Thousands of beautiful loose leaf teas with hundreds of flavours are produced in Assam\’s countless tea gardens. Until recently, Assam was typically advertised as just Indian tea, but quality grade and tea garden are now important factors for tea drinkers all over the world.There is a probability that if you drink tea, you have at least once tried Assam. It is a typical component of several blends, including Earl Grey and English Breakfast.
What is Assam CTC Tea?
Black tea produced in the Indian state of Assam is known as Assam tea. Assam produced nearly exclusively black tea for the mainstream market until recently. Assam tea is a relatively young tea, despite being widely popular and accessible. Only 200 years or so ago did India begin to produce tea.
Assam tea differs from other black teas in the following ways:
The plant used to make Assam tea is Camellia sinensis var. assamica, which is indigenous to that region.
The largest tea sector in India and the largest tea-growing region in the world, this region generates around 50% of all the tea consumed in India.
It has over 50, 000 tea growers who produce nearly 49 million kilos of tea each year. While some of them are little tea gardens devoted to artisan and specialty teas, others are larger estates that produce teas for the mass market.
Today, Assam tea is receiving considerably more respect and admiration due to a few small gardens. Up until recently, the majority of Assam tea was blended and mainly sold in tea bags.
Because of the growing popularity of loose leaf tea, Assam had the opportunity to showcase the full beauty and adaptability of its indigenous tea plant. Today, you may purchase fantastic white, oolong, or green tea produced in this area, which is frequently highly valued and distinctive. In any case, black tea finally received the chance it deserved.
There are two varieties of Assam tea.
In Assam, harvesting typically occurs four times annually, with the first and second harvests being the best. It\’s a low-grown tea that has undergone full oxidation, unlike Darjeeling. Orthodox tea and CTC tea are the two main varieties. Various categories of traditional Assam tea can be further subdivided based on the type of leaf used. Orthodox tea is produced using conventional techniques and is thought to be of greater quality than tea produced for tea bags. That isn\’t necessarily the case, though, as the ultimate quality will vary depending on a variety of elements, including the soil, climate, plant, type of leaf, harvesting period, processing techniques, and much more.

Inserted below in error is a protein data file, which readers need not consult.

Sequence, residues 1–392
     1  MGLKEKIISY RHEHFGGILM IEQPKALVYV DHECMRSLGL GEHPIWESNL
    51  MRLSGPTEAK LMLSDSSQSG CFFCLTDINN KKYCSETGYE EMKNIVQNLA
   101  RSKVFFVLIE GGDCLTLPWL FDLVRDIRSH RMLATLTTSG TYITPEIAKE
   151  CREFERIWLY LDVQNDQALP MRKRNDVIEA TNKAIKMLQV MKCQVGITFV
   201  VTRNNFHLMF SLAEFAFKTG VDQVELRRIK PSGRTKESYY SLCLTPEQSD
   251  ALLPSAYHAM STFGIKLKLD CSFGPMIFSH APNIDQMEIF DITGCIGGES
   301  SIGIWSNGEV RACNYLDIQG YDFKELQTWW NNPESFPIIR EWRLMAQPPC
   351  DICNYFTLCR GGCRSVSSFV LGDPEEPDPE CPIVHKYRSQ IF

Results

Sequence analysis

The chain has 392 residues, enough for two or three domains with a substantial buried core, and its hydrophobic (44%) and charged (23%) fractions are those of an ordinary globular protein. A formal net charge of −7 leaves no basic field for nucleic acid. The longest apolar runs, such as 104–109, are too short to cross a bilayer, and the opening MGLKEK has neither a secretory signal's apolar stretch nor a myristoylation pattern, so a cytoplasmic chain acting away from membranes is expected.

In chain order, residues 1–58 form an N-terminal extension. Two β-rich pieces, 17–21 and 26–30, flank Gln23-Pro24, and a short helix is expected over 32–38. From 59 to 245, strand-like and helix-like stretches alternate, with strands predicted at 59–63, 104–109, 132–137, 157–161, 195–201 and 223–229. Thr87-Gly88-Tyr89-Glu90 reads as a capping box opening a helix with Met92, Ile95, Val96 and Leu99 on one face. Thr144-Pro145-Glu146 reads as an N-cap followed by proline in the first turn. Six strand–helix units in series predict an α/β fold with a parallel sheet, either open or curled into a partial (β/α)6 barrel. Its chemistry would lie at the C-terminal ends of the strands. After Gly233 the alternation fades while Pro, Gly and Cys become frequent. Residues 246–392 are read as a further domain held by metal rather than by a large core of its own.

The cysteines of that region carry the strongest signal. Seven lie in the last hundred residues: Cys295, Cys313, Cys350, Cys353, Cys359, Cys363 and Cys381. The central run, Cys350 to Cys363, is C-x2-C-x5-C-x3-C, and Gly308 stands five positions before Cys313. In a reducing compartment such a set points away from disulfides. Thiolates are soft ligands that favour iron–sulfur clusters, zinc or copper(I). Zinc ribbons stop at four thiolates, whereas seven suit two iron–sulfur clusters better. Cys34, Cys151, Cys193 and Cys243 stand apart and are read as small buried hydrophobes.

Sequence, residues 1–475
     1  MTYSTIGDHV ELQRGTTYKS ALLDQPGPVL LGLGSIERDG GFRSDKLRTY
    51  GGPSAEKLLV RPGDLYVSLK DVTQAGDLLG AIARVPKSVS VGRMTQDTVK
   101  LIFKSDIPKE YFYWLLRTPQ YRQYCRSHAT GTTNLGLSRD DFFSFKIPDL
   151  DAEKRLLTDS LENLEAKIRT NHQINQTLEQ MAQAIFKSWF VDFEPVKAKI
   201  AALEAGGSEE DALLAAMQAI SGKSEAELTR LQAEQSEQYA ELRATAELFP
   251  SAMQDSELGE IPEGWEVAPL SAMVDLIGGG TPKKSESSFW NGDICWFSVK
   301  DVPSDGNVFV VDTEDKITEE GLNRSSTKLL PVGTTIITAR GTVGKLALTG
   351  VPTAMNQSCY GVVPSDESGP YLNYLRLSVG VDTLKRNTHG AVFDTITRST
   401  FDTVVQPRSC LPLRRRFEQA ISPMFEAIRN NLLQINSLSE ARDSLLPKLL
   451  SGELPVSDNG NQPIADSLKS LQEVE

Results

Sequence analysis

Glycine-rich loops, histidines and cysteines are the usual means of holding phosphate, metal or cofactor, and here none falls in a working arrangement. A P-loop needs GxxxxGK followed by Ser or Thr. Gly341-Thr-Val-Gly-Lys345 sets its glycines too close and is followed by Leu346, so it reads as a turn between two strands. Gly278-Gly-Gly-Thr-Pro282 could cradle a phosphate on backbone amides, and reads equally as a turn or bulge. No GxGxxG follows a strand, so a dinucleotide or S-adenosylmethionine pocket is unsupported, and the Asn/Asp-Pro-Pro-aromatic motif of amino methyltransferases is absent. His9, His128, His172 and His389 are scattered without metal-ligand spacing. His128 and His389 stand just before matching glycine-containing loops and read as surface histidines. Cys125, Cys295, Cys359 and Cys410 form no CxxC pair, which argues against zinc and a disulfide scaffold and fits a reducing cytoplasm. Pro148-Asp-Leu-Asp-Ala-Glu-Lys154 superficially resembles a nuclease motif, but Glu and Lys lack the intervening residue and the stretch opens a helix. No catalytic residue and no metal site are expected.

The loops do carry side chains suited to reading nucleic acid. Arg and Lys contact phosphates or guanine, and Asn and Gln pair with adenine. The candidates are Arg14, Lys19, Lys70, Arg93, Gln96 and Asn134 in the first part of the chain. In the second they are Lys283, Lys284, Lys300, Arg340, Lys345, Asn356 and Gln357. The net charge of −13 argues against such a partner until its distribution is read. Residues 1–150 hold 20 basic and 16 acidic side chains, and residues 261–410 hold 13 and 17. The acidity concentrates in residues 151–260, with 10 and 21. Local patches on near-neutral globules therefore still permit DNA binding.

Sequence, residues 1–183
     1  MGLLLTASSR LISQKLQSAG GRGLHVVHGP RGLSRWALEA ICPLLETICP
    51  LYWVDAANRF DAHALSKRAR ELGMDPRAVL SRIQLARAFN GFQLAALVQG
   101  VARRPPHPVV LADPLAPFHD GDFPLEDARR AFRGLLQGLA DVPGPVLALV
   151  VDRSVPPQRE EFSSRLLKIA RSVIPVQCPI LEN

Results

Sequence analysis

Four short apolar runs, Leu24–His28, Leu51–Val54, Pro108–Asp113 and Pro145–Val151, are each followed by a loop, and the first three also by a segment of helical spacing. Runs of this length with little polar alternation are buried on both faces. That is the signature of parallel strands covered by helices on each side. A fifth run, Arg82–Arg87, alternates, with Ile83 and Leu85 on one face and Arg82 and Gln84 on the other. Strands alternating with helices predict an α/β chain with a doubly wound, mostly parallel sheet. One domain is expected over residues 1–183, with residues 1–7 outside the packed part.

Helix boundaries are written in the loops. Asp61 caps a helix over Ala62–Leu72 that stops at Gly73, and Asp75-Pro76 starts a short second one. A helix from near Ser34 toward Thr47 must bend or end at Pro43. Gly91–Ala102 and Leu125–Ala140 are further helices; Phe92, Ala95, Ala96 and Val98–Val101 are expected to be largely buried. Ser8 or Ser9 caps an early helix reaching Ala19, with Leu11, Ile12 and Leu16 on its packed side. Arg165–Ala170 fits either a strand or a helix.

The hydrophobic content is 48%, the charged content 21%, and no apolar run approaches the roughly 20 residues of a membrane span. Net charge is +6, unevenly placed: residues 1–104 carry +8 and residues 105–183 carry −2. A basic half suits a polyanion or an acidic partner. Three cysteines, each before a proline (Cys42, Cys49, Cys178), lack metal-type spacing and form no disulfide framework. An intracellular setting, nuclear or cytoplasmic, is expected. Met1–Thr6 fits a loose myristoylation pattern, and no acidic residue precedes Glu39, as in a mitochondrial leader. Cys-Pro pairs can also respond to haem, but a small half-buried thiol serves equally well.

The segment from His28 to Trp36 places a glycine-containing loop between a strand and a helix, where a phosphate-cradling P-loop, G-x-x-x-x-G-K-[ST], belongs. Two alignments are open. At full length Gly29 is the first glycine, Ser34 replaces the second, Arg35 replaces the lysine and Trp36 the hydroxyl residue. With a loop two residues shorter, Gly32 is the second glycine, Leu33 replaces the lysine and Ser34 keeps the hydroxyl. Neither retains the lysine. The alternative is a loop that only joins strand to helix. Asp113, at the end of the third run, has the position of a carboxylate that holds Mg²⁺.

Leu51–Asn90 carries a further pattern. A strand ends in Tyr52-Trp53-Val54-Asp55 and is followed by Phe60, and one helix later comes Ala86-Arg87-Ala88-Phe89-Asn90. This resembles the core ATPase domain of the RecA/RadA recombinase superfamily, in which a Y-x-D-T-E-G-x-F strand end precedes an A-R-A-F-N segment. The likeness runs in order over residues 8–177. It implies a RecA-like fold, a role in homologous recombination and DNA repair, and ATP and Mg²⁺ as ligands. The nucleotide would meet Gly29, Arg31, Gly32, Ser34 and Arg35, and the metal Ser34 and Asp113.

Black tea, known as CTC, or cut-tear-curl tea, is a style in which leaves are shaped into tiny pellets, similar to Simple Chai tea. Other varieties, such as green, white, oolong, pu-erh, or yellow tea, cannot be made with CTC.
What is the flavour of Assam tea?
Assam tea is frequently described as having a malty flavour and being full-bodied and robust. Full-bodied teas are typically associated with black tea and are described as being rich and nuanced. Assam tea is frequently utilised as an ingredient in tea blends in order to provide a stronger base and depth. The taste may be sharp, smoky, earthy, musky, and robust, or it may be milder with hints of chocolate, cocoa, or even something sweet and sour.
Assam tea from CTC will typically be more robust, crisp, malty, and possibly astringent. Instead of being available in loose leaf form, this sort of tea is typically found in tea bags. However, it\’s a fantastic base for chai teas or for teas that must be robust to withstand the scent of milk, sugar, and spices.
Of all the black tea varieties, Assam black tea is typically said to contain the most caffeine. But not all Assam teas contain as much caffeine. The amount of caffeine in tea depends on the grade, kind of plant, time of harvest, and brewing technique. Tea bags with broken Assam dust may have more caffeine than loose leaf tea. Because of its potent flavour and high caffeine level, Assam is a preferred option for breakfast teas.
According to a study on the amount of caffeine in Indian teas, Assam unbroken loose-leaf tea contains the least amount of caffeine of any Indian black tea. The largest amounts were found in Assam orange pekoe and Assam CTC, more so than in Darjeeling or other Indian black teas.
Finally, choose Assam CTC or orange pekoe black tea if you want the cup with the highest caffeine and a robust, snappy flavour. Choose unbroken loose-leaf tea for the greatest advantages and a lighter cup.
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